Blog Archives

(My blog turned 9 years old on July 15! As I have done for past anniversaries, I am republishing the very first post from July 15, 2012.) Q: What does it take to be an artist, especially one living and working in New York?

Barbara's Studio (in 2012) with works in progress

Barbara’s Studio (in 2012) with works in progress.

A:  The three Big P’s – Patience, Persistence, and Passion.  Without all three you will not have the stamina to work tirelessly for very little external reward.  You can expect help from no one. 

There are so many obstacles to art-making and countless reasons to just give up.  When you really think about it, it’s amazing that great art gets made at all.  So why do we do it?  Above all it’s about making our the ime on earth matter, about devotion to our innate gifts and love of our hard-fought creative process. 

And, my God, it even gets harder as we get older!  So what do we do?  We dig in that much deeper.  It’s a most noble and sacred calling – you know when you have it – and that’s what separates those of us who are in it for the long haul from the wimps, fakers, and hangers-on.  I say to my fellow artists who continue to work despite the endless challenges, we are all true heroes! 

__________

What I wrote nine years ago still rings true – and it’s good, even for me, to be reminded.  Since then my studio setup has changed tremendously.

Most importantly, THANK YOU to my 75,000+ subscribers for taking this journey with me!

Comments are welcome!     

Pearls from artists* # 460

Recent pastel paintings in progress

*an ongoing series of quotations – mostly from artists, to artists – that offers wisdom, inspiration, and advice for the sometimes lonely road we are on.

Precious realm of painting! That silent power that speaks at first only to the eyes and then seizes and captivates every faculty of the soul! Here is your real spirit; here is your own true beauty, beautiful painting, so much insulted, so much misunderstood and delivered up to fools who exploit you. But there are still hearts ready to welcome you devoutly, souls who will no more be satisfied with mere phrases than with inventions and clever artifices. You have only to be seen in your masculine and simple vigor to give pleasure that is pure and absolute. I confess that I have worked logically, I, who have no love for logical painting. I see now that my turbulent mind needs activity, that it must break out and try a hundred different ways before reaching the goal towards which I am always straining. There is an old leaven working in me, some black depth that must be appeased. Unless I am writhing like a serpent in the coils of a pythoness I am cold. I must recognize this and accept it, and to do so is the greatest happiness. Everything good that I have ever done has come about in this way. No more ‘Don Quixotes’ and such unworthy things!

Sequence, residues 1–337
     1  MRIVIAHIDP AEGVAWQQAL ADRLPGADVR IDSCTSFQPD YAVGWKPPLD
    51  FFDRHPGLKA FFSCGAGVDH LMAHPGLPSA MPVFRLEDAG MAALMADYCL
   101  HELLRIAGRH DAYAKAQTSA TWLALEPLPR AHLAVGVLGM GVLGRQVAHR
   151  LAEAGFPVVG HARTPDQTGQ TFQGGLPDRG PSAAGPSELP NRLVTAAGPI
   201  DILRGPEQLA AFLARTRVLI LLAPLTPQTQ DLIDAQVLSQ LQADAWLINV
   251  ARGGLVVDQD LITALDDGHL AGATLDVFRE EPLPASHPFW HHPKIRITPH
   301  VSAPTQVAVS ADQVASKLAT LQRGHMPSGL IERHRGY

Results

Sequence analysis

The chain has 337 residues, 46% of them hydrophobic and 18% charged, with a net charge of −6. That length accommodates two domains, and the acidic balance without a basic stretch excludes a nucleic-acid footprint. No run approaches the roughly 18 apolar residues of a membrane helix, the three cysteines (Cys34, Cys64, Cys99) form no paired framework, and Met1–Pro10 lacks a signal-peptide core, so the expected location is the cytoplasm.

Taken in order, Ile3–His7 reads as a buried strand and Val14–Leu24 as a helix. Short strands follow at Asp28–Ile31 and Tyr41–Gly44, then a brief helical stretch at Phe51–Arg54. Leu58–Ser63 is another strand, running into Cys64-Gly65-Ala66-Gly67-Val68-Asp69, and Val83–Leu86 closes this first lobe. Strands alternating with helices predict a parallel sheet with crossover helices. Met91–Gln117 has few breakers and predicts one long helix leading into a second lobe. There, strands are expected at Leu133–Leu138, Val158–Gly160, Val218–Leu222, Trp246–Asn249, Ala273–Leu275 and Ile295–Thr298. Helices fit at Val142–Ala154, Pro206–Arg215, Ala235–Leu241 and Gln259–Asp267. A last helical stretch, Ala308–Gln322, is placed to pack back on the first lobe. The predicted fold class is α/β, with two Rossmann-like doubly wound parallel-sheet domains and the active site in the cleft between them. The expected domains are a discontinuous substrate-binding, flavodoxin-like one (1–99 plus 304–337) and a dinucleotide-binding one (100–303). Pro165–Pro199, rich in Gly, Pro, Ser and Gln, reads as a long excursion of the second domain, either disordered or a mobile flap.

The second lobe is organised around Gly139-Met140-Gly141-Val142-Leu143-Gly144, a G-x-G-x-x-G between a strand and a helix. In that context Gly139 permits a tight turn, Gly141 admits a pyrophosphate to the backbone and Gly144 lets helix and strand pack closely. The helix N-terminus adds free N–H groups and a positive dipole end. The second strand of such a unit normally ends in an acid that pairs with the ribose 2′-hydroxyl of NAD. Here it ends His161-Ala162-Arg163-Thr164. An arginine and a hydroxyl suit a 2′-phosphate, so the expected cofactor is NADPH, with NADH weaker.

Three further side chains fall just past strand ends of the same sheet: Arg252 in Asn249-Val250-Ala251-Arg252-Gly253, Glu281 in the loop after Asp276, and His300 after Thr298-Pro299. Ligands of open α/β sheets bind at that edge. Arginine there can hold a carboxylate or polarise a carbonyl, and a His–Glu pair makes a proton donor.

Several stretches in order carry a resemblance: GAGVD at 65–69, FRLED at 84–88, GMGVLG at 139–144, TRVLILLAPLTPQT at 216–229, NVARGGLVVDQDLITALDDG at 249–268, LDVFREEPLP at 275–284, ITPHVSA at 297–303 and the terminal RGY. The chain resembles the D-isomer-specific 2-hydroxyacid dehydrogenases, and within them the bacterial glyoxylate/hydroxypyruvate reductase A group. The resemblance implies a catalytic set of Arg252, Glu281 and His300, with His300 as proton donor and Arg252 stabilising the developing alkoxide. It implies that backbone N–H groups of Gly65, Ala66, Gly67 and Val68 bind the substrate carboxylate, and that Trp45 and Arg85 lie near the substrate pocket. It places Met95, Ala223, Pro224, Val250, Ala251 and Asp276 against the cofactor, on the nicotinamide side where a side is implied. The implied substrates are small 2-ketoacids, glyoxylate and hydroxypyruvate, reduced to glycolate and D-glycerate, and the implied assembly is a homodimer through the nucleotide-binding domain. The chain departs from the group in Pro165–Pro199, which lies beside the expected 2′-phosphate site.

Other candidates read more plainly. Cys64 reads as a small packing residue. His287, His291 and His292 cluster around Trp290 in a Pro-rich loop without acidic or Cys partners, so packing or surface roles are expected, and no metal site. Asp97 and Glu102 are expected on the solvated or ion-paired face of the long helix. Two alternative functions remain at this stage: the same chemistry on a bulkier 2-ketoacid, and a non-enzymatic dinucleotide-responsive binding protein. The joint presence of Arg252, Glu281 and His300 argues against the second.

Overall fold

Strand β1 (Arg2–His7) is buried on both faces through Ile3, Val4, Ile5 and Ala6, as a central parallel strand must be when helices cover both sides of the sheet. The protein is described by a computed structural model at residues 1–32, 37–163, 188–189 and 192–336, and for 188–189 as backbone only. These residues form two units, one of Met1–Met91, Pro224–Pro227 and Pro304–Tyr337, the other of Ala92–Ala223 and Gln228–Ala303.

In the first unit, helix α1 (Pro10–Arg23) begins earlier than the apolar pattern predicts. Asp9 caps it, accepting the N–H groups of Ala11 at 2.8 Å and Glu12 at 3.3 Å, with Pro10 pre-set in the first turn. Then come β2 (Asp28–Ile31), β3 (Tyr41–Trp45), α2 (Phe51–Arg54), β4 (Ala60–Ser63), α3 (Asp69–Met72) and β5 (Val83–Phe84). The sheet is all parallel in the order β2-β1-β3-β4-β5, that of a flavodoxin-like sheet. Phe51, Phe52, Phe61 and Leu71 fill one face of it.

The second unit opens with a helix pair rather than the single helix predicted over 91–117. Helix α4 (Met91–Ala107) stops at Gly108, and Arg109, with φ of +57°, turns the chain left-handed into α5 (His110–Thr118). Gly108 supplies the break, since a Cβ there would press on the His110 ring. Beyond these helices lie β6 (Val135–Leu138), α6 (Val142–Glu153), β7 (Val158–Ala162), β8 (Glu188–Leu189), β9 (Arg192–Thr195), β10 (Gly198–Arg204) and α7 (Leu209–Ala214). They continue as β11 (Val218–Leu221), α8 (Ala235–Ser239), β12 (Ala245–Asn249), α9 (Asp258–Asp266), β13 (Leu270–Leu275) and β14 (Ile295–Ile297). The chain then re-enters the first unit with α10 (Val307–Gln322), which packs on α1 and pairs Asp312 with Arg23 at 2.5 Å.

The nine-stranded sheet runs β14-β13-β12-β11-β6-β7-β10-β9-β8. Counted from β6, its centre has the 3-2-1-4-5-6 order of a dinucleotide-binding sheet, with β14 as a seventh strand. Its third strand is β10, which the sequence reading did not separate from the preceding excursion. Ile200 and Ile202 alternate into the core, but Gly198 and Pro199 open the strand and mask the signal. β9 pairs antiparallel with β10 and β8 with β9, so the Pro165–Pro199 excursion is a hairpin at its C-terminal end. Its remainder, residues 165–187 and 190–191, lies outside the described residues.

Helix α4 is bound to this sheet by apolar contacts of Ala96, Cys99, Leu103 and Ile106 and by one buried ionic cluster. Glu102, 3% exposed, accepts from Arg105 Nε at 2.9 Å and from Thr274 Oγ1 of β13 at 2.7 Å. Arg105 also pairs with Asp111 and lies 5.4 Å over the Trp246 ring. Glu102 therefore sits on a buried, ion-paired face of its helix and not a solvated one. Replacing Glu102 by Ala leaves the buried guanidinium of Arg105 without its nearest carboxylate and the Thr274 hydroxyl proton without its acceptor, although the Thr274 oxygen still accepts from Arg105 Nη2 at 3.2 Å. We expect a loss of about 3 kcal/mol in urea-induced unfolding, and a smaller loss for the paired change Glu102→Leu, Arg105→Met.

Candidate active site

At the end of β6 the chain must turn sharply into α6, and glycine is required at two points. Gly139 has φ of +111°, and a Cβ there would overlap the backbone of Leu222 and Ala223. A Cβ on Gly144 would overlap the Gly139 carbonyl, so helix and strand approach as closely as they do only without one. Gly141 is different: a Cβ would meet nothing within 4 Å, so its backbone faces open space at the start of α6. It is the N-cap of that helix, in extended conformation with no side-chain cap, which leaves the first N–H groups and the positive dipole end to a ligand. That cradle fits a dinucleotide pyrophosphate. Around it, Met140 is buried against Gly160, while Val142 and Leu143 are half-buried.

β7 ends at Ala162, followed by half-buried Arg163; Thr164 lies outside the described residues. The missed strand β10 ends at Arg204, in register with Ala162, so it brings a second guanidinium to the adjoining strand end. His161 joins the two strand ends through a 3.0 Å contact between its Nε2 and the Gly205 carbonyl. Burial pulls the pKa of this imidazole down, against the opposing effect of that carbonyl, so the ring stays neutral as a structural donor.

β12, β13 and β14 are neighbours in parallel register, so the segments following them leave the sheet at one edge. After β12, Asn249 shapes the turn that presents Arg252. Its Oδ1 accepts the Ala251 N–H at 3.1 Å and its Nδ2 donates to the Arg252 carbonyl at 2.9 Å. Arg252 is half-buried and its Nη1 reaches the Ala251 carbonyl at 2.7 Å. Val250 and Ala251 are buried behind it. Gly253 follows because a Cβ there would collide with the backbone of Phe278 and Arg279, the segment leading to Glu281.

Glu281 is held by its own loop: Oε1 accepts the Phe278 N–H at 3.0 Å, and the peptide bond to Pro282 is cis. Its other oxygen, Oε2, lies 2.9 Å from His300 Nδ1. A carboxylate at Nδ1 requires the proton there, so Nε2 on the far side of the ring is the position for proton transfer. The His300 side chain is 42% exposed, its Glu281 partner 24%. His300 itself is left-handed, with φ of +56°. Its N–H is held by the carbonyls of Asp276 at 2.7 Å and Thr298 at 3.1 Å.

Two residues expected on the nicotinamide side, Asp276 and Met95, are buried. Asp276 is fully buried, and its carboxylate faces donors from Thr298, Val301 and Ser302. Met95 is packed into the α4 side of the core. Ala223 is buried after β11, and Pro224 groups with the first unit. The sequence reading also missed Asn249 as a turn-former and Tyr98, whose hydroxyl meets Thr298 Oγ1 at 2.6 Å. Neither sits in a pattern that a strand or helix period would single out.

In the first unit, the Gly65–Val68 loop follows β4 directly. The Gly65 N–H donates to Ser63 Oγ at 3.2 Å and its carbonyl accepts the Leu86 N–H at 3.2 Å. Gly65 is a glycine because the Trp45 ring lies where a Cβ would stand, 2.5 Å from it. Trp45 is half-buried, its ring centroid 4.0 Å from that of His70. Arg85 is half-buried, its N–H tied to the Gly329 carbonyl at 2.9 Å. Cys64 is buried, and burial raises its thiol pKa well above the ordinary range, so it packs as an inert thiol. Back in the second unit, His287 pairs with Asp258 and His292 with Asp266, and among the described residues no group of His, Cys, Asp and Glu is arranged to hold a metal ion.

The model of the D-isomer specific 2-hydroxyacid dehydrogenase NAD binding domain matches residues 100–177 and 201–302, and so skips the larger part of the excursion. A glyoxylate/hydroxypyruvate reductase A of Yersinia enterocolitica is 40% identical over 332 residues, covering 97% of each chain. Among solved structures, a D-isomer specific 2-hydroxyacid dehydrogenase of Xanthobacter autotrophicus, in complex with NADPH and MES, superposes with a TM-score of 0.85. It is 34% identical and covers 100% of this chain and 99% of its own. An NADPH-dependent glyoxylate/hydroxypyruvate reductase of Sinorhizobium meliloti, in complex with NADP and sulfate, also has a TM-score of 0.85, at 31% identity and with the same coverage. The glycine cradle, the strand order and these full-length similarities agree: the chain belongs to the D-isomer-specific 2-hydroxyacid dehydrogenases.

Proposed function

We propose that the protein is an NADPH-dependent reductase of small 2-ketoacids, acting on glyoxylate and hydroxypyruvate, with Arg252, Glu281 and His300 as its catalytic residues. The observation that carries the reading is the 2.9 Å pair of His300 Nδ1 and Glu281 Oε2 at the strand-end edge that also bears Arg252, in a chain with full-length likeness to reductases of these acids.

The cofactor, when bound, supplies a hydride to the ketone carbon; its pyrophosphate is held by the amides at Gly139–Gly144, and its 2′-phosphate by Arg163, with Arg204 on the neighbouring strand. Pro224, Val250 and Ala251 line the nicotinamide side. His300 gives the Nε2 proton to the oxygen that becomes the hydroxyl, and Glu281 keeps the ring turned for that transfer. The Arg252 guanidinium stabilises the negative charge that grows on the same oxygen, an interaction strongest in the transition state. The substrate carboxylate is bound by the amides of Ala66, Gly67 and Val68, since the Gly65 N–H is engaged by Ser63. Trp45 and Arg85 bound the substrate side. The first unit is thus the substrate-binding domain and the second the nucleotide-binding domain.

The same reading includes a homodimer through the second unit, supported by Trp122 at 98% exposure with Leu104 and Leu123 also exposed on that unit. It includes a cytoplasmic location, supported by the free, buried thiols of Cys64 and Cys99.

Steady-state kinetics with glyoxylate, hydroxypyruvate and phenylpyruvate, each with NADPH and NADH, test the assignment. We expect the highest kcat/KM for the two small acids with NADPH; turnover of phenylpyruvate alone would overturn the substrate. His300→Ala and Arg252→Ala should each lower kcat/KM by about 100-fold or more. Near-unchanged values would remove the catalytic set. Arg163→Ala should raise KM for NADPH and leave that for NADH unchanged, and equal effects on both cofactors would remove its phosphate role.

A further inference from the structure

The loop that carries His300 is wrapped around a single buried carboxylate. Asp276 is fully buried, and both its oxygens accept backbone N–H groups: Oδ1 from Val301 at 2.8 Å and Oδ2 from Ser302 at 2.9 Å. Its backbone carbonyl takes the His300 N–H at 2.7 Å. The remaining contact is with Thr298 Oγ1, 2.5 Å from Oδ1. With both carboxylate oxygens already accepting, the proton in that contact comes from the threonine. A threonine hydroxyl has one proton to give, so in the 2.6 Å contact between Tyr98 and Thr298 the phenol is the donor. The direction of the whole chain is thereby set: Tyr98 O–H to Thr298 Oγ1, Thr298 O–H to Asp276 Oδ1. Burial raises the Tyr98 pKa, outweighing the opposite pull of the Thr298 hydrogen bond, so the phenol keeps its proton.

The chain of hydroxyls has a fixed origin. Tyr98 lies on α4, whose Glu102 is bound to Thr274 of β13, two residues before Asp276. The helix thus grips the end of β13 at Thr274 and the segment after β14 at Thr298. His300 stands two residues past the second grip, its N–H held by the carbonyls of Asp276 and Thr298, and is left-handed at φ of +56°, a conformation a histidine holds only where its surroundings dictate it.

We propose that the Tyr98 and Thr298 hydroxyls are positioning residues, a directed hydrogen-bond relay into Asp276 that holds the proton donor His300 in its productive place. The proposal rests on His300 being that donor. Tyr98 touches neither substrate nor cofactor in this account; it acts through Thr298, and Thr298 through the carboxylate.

The Journal of Eugene Delacroix edited by Hubert Wellington

Comments are welcome!

Q: What is the most important factor behind your success?

At work
At work

A: In a word, I’d say it’s love. I love soft pastel! I love being an artist! I love looking at the thousands of pastels in my studio while I think about the possibilities for mixing new colors and making exciting new pastel paintings. Soft pastels are rich and intense.

Even after more than thirty years as an artist, I still adore what I am able to accomplish. I continually refine my craft as I push pastel to new heights. My business card says it all: “Revolutionizing Pastel as Fine Art!”

The surfaces of my finished pastel paintings are velvety and demanding of close study and attention. Soft pastel on sandpaper – no other medium is as sensuous or as satisfying. Who could argue with that!

Comments are welcome!

Pearls from artists* # 433

Chatting with Jenny Holzer.  It looks like she did not want her picture taken, but she was actually waiving. VIGIL: Jenny Holzer and @creativetime

Chatting with Jenny Holzer.  It looks like she did not want her picture taken, but she was actually waiving.

*an ongoing series of quotations – mostly from artists, to artists – that offers wisdom, inspiration, and advice for the sometimes lonely road we are on.

…Two positions exist, the artistic and the commercial.  Between these two an abiding tension persists.  The eighteenth-century American painter Gilbert Stuart complained, “What a business is that of portrait painter.  He is brought a potato and is expected to paint a peach.”  The artist learns that the public wants peaches, not potatoes.  You can paint potatoes if you like, write potatoes, dance potatoes, and compose potatoes, you can with great and valiant effort communicate with some other potato-eaters and peach-eaters.  In so doing you contribute to the world’s reservoir of truth and beauty.  But if you won’t give the public peaches, you won’t be paid much.